By the end of 2019, Kaspersky Lab will have established a data center in Zurich and in this facility, will store and process all information for users in Europe, North America, Singapore, Australia, Japan and South Korea, with more countries to follow. This information is shared voluntarily by users with the Kaspersky Security Network (KSN) an advanced, cloud-based system that automatically processes cyberthreat-related data.
Relocation of software assembly
Kaspersky Lab will relocate to Zurich its ‘software build conveyer’ — a set of programming tools used to assemble ready to use software out of source code. Before the end of 2018, Kaspersky Lab products and threat detection rule databases (AV databases) will start to be assembled and signed with a digital signature in Switzerland, before being distributed to the endpoints of customers worldwide. The relocation will ensure that all newly assembled software can be verified by an independent organisation and show that software builds and updates received by customers match the source code provided for audit.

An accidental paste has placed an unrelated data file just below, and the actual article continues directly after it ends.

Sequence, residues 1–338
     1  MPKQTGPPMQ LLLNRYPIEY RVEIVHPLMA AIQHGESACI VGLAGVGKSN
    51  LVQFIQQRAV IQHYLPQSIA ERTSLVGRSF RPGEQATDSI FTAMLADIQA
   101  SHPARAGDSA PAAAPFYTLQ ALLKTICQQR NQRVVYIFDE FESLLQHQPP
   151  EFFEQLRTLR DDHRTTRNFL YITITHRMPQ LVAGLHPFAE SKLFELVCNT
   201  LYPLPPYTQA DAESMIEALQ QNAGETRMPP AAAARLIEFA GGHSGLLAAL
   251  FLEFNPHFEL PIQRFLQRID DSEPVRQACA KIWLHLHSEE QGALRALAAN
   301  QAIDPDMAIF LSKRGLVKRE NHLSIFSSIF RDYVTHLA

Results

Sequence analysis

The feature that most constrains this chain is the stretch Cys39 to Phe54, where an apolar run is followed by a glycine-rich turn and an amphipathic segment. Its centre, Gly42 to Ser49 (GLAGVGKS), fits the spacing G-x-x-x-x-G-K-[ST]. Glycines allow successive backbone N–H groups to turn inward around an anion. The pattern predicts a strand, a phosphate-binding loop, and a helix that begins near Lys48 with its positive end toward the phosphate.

Establishment of the first Transparency Center
The source code of Kaspersky Lab products and software updates will be available for review by responsible stakeholders in a dedicated Transparency Center that will also be hosted in Switzerland and is expected to open this year. This approach will further show that generation after generation of Kaspersky Lab products were built and used for one purpose only: protecting the company’s customers from cyberthreats.
Independent supervision and review
Kaspersky Lab is arranging for the data storage and processing, software assembly, and source code to be independently supervised by a third party qualified to conduct technical software reviews. Since transparency and trust are becoming universal requirements across the cybersecurity industry, Kaspersky Lab supports the creation of a new, non-profit organisation to take on this responsibility, not just for the company, but for other partners and members who wish to join.